Flying foxes primarily migrate along the East coast of Australia — moving in large groups (called camps or colonies) as native food comes into season. Spectacled Flying Foxes, listed as endangered under the Environment Protection and Biodiversity Conservation Act 1999 (Cth) (EPBC Act) since February 2019, are a keystone species that move rainforest and other tree seeds from one isolated patch of rainforest to another. But why are bats a threatened species in Australia? By Thea Williams May 30th, 2019. Stop the Permanent Forced Eviction (‘dispersal’) of the Spectacled Flying Fox camp at Cairns City Library! But there are other victims: Australia’s endangered flying foxes. Do they do more good than harm? The spectacled flying-fox highlights the challenge in managing the conflict between human development and nature. Going in to bat for Australia’s endangered flying-foxes; Going in to bat for Australia’s endangered flying-foxes. Another Australian mammal has been listed as endangered. They can be found in various habitats such as coastal rainforests, woodlands, wetlands, and swamps; and, tend to migrate to where their food supply is more abundant, but always returning to their ‘home’ camps. There is thought to be around 780,000 grey-headed flying foxes in more than 100 camps dotted across the country.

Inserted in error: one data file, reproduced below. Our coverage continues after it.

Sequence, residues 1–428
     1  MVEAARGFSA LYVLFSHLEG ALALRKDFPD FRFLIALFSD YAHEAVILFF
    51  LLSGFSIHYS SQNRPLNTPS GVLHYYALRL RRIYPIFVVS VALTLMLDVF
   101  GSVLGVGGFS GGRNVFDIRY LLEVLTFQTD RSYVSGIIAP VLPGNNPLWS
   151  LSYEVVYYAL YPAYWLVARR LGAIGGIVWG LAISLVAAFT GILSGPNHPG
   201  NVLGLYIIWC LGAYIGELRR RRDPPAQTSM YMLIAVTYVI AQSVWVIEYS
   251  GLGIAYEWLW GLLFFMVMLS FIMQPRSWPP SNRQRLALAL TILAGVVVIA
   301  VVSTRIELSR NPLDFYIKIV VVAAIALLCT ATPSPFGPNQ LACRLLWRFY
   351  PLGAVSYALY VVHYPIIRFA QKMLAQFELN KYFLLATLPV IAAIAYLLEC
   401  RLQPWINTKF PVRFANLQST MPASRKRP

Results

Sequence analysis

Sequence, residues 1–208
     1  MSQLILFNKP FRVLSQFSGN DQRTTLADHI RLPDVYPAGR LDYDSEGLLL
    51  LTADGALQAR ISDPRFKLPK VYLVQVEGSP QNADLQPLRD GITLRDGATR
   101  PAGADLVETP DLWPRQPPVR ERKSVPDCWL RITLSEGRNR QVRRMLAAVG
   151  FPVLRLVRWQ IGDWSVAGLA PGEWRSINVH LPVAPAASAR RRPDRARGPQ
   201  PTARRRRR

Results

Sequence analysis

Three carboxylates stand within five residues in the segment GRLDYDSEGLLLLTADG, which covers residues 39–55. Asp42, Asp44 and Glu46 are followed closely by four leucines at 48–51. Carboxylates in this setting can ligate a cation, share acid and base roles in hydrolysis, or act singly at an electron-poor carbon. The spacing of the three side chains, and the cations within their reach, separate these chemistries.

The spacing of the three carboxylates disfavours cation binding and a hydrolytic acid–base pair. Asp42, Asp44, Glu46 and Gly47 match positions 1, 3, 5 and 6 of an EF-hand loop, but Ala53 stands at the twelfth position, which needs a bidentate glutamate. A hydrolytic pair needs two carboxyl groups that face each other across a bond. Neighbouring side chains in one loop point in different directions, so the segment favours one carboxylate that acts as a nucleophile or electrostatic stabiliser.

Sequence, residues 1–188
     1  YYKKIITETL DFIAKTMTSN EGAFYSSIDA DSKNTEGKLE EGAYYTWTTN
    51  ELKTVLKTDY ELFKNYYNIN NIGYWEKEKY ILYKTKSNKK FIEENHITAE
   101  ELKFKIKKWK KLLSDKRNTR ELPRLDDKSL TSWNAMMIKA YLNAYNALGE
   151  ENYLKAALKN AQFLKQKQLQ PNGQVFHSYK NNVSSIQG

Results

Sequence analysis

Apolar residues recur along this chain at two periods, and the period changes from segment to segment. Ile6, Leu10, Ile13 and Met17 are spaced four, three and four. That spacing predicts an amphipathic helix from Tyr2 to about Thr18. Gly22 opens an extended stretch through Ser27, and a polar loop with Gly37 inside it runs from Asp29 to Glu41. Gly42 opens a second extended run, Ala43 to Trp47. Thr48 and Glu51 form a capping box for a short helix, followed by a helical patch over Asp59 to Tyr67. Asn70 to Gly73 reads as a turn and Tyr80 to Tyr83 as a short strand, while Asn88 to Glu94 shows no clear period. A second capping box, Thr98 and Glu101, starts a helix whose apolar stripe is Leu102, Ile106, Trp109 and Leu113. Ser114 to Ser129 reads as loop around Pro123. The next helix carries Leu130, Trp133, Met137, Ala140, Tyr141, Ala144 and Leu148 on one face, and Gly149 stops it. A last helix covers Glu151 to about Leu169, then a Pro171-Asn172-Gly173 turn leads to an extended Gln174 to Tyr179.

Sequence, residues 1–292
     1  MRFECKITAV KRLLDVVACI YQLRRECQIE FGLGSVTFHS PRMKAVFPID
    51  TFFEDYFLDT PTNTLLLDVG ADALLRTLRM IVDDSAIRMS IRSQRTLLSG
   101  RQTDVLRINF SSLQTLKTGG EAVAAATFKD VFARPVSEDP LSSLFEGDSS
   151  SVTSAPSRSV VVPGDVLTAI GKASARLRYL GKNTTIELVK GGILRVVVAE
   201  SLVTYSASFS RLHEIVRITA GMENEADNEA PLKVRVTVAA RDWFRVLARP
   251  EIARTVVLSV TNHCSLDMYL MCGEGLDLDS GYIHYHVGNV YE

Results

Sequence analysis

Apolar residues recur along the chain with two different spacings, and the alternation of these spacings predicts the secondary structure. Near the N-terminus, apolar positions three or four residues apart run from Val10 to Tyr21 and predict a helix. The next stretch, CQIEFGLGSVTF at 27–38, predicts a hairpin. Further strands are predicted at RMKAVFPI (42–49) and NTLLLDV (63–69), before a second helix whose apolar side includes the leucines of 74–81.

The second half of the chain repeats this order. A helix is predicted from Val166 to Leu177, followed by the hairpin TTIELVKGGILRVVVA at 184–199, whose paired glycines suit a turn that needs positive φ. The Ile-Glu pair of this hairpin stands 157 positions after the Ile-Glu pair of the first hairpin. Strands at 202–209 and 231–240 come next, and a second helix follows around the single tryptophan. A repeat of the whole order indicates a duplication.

They have done this for thousands of years — but over time, these colonies are being surrounded by human development, with locals complaining of the noise and smell, and netting their trees to prevent flying foxes from eating the fruit. ‒Christmas Island flying-fox (Critically Endangered) ‒Spectacled flying-fox (Vulnerable) ‒Grey-headed flying-fox (Vulnerable) • Two other mainland species are not MNES and EPBC Act does not apply to these species. The Grey-Headed Flying Fox is prolific within 150 km of the sea, on the eastern coast of Australia – all the way from the Hervey Bay region in Queensland, to Melbourne in Victoria. EPBC Act • Protectand manage the listed flying-foxes: ‒Decision to have a Recovery Plan within 90 days. The spectacled flying-fox has shown a decline from a population of 214,750 in November of 2005 to 92,880 in November of 2014. Cairns Regional Council has just received a permit to ‘disperse’ (forcibly evict) all the Critically Endangered Spectacled Flying Foxes from the Cairns City Library nationally significant camp.